Each equation uses a different definition of mass. e=mc^2 uses m="relativistic mass," which increases the faster the mass is moving relative to the observer. The second equation uses m="rest mass." The first equation was Einstein's, the second is used more these days because it is usually more convenient and less confusing.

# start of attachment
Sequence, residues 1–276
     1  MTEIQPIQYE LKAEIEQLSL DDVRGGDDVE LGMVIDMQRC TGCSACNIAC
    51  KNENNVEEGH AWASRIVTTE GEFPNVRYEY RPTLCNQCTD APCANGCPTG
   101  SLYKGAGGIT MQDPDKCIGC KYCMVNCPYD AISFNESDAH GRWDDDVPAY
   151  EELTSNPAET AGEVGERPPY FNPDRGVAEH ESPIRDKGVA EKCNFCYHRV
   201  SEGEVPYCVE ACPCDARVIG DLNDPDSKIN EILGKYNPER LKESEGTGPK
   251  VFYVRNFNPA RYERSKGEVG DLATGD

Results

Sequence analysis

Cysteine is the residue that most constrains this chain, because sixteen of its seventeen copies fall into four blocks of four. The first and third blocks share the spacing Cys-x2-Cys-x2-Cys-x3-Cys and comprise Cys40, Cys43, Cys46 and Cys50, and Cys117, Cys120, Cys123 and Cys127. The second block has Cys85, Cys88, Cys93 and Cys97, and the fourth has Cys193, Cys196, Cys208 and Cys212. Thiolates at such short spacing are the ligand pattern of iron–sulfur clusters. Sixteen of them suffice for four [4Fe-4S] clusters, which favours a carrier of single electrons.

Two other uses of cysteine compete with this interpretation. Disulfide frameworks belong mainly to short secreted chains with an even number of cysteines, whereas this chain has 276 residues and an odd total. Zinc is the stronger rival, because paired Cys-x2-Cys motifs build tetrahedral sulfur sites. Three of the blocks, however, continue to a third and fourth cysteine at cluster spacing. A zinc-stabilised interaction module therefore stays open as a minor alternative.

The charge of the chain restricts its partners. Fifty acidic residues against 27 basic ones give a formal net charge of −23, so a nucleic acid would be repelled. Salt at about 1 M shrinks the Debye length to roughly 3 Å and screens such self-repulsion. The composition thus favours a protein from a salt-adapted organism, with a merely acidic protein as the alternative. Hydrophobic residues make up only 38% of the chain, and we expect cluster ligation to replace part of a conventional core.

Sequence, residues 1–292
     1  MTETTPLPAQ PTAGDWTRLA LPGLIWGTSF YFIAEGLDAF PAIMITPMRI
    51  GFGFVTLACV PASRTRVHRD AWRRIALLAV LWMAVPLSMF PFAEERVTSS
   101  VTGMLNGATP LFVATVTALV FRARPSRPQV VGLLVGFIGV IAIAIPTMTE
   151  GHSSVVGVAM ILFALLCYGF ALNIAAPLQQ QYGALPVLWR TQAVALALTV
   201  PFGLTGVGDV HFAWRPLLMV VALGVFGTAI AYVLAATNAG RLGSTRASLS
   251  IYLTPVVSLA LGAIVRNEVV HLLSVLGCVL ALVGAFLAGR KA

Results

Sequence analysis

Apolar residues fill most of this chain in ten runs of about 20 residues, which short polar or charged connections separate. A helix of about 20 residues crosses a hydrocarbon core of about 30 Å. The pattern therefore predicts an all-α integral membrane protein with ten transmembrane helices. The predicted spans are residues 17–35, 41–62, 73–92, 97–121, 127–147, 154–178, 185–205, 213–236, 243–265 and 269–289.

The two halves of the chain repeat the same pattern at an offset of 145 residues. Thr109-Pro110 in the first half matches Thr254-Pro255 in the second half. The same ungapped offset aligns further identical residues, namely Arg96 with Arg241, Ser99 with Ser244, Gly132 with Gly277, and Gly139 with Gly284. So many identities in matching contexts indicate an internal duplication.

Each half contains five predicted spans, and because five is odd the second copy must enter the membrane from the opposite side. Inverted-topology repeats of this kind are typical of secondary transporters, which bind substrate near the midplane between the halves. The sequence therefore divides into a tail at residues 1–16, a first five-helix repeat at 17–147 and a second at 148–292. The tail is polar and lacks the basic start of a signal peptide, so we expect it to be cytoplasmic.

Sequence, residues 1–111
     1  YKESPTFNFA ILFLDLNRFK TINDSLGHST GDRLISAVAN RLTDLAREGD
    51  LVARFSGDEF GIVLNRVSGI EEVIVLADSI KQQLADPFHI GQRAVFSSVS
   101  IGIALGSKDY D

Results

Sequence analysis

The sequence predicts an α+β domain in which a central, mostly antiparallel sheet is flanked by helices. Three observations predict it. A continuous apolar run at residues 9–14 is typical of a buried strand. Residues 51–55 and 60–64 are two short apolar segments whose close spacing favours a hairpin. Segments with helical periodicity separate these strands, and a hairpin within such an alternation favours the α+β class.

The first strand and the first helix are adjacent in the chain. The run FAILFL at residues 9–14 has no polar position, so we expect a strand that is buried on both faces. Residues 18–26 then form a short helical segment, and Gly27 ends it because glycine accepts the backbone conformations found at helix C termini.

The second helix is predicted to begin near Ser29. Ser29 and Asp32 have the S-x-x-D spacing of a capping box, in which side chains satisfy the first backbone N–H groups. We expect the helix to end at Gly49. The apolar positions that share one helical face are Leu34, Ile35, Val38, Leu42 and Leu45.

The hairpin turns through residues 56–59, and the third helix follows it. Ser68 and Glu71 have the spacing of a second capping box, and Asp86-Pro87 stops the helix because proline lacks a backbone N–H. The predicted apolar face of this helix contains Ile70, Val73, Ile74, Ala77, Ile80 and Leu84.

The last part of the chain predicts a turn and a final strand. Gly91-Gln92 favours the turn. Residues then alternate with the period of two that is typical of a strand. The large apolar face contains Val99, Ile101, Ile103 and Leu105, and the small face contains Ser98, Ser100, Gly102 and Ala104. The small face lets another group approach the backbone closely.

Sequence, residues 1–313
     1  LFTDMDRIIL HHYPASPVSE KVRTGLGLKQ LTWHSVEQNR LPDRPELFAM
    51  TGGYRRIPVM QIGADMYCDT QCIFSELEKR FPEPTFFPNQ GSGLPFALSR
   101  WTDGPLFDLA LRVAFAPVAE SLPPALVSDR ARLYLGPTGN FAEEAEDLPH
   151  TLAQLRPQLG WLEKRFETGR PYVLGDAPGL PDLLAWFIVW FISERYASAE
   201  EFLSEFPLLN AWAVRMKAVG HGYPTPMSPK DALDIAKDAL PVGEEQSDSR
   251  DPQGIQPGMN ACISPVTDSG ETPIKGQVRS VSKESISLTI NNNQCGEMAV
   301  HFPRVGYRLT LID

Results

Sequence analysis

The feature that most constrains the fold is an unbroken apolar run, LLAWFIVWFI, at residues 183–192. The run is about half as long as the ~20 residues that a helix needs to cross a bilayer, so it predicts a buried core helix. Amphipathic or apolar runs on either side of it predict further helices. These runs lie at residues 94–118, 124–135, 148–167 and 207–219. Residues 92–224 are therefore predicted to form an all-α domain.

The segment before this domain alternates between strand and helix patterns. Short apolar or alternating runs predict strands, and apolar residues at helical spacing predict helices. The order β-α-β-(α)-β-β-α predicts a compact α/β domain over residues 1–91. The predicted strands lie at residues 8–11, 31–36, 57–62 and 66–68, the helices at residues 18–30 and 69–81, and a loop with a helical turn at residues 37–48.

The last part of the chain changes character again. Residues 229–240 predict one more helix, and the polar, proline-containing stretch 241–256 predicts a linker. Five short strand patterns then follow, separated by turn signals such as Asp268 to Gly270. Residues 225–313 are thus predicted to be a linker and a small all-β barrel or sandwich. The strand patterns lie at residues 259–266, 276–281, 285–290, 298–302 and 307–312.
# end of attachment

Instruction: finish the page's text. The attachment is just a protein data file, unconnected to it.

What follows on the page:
Each equation is correct, given its definition of m.

If one starts from E = mc[itex]^{2}[/itex] and replaces m by [itex]\frac{m_{0}}{\sqrt{1 - \frac{v^{2}}{c^{2}}}}[/itex] where m[itex]_{o}[/itex] is the mass at rest, one gets the other version of the equivalence equation.